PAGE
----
SeaTac city council members on Tuesday agreed to put the controversial 'Good Jobs Initiative' on the November ballot. That means voters will now decide whether to approve a $15.00/hour living wage the initiative seeks to establish.
SeaTac workers marched to city hall together, holding signs that called for 'good jobs', 'healthy communities', and 'full time work.'
Council members heard from people both for and against the idea.
"Because we have no paid sick leave, I've worked with employees that should've been home instead of spreading their germs to other employees and the public," one airport employee said.
The 'Good Jobs Initiative' would also ensure paid sick leave and full-time employment for about 6,500 transportation and hospitality employees in and around SeaTac Airport.
Nearly 2,600 signatures were collected throughout the community for the initiative and presented at City Hall last month.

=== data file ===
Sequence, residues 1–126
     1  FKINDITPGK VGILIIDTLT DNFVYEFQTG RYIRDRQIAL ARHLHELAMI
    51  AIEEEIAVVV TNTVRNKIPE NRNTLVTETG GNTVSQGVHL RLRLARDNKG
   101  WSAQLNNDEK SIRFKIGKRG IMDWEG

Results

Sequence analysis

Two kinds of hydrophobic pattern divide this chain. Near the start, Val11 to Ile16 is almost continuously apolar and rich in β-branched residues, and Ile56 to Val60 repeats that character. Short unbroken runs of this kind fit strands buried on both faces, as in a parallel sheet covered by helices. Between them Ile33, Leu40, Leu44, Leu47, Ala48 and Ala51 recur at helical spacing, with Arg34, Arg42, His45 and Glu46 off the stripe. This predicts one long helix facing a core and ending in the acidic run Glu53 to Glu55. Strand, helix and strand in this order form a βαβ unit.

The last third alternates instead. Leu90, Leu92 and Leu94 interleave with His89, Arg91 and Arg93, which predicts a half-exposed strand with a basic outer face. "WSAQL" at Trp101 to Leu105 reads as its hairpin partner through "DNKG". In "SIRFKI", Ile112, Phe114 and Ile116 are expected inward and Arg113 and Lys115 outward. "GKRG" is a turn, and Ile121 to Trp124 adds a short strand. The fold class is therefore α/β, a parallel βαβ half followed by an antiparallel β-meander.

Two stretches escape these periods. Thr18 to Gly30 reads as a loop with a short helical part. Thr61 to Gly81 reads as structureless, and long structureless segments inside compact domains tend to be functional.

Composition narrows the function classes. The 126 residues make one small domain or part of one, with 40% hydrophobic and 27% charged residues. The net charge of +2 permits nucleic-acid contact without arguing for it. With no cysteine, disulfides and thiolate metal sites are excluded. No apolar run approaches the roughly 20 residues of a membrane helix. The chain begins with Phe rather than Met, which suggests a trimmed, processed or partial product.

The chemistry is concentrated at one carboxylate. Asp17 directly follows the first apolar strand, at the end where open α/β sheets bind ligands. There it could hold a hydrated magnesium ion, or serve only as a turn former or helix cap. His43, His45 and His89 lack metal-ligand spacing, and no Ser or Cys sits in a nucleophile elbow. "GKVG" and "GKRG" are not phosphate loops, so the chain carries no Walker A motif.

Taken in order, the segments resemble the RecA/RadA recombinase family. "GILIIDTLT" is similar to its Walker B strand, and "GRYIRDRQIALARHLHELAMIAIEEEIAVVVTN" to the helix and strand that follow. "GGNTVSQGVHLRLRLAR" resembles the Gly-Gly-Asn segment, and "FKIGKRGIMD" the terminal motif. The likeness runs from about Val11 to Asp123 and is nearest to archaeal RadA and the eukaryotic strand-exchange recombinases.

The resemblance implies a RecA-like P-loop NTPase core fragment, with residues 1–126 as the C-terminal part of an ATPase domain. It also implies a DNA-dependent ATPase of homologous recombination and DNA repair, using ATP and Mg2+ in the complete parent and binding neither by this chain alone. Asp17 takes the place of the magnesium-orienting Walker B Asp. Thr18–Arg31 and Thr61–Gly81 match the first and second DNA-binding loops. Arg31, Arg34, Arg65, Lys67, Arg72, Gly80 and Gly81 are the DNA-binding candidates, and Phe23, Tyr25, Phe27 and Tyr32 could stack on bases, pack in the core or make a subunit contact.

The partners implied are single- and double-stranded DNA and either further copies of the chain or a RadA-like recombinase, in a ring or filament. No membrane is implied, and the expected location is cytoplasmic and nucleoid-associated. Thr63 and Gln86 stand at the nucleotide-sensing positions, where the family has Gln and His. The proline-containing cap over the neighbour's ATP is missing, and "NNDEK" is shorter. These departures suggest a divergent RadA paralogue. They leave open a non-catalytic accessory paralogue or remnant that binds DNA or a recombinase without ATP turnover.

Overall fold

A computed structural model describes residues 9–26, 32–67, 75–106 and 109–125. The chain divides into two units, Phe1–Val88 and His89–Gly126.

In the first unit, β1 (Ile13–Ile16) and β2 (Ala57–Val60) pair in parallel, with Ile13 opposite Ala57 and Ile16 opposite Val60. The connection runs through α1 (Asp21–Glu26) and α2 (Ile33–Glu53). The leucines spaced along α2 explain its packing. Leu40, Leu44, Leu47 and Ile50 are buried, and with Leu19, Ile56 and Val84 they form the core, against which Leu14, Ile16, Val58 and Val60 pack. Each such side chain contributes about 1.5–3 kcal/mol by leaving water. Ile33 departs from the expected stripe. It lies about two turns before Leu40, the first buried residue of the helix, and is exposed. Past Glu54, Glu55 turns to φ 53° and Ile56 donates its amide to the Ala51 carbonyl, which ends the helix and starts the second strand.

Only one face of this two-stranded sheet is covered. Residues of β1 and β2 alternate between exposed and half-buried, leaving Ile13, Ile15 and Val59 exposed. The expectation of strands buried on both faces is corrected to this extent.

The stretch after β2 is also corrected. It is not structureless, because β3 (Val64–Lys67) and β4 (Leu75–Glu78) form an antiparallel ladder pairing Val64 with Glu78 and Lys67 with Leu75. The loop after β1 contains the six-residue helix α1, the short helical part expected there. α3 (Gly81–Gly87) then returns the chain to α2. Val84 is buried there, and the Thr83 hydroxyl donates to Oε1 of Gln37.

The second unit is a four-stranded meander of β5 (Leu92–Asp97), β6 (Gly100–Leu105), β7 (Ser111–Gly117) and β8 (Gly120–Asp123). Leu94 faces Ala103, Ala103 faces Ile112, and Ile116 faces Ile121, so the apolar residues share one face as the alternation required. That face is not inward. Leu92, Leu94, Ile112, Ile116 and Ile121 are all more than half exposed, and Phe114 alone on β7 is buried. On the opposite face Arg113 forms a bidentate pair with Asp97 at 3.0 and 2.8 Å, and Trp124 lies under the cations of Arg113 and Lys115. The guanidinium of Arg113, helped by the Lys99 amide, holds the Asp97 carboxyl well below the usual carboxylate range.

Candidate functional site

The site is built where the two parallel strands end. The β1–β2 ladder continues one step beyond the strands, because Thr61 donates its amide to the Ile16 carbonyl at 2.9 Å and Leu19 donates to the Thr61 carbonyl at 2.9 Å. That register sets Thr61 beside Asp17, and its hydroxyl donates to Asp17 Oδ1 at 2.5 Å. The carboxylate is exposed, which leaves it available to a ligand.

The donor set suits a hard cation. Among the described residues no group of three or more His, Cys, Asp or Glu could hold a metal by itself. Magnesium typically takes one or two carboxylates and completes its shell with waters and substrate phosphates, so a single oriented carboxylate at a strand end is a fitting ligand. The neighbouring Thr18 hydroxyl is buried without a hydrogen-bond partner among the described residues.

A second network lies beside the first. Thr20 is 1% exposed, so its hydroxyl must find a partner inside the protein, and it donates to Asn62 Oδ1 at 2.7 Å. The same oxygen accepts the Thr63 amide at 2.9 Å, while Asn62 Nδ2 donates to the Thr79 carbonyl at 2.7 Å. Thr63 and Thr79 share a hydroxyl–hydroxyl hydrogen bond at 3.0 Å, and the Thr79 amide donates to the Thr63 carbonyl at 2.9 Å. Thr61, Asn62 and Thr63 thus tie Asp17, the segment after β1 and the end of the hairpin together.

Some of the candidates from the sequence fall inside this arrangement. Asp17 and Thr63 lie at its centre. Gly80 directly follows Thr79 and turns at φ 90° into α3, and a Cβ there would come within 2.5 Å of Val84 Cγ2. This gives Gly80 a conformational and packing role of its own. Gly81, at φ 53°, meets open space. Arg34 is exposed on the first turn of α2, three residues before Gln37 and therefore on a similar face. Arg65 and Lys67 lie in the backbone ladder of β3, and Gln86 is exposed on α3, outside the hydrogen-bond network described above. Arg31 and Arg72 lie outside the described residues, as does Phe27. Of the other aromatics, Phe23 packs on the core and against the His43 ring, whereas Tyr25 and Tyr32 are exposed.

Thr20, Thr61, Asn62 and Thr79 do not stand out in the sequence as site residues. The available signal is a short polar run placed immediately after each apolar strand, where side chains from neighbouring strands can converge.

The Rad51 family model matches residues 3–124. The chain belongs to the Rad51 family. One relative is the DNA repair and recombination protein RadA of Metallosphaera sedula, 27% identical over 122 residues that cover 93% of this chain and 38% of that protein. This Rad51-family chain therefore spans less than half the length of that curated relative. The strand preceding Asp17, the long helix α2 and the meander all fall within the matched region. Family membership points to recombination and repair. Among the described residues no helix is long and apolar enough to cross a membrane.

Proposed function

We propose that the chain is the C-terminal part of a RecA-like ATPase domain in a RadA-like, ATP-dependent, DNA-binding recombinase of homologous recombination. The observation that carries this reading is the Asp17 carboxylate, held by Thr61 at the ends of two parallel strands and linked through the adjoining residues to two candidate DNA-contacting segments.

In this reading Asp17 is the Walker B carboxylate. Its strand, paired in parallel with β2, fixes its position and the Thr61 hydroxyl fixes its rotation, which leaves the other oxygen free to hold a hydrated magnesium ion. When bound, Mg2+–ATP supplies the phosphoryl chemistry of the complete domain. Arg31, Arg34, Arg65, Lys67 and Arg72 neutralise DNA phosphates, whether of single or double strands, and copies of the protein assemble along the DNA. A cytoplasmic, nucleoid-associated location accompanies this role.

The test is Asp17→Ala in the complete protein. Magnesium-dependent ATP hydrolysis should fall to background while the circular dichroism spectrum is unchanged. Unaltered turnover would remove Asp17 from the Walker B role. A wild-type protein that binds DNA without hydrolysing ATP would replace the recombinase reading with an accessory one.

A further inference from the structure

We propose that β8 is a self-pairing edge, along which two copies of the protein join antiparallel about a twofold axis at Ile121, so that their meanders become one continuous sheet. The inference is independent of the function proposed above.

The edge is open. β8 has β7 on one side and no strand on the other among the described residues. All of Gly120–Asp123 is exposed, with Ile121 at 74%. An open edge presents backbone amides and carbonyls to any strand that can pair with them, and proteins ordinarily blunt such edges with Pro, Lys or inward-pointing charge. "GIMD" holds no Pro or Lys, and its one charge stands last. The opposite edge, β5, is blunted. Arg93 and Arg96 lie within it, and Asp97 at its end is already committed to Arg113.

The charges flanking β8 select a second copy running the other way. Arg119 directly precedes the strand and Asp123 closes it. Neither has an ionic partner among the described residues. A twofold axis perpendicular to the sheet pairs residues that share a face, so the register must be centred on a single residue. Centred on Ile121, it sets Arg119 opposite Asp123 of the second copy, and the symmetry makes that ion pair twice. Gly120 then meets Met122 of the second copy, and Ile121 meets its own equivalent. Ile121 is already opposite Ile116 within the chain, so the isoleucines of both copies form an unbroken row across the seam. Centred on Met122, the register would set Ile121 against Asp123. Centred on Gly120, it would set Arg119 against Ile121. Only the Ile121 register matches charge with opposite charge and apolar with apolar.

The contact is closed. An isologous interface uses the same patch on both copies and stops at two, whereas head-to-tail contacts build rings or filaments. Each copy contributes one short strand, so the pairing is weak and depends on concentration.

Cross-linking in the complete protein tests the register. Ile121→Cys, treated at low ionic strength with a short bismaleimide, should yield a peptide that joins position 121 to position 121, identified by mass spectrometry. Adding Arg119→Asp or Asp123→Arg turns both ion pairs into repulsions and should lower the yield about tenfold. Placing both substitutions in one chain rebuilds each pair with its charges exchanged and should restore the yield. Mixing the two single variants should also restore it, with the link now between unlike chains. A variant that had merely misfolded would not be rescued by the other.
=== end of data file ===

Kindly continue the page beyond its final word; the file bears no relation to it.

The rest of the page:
On Tuesday, council members agreed to send it on to the voters, although the city attorney said they had little choice in the matter. If council refused to put the issue on a ballot, they could be sued for it.
Those opposed to the changes fear they could come with unintended consequences.
"The truth is that this law will hurt businesses and residents alike," one woman told council members. "Businesses will have to pay more for people, and then they will have to raise their prices."
Already, a group called 'Common Sense SeaTac' has formed, to oppose what they call a "harmful, union backed initiative."
With more than three months to go before the November 5th election, you can expect to see some serious campaigning from both sides, as they try to win over voters.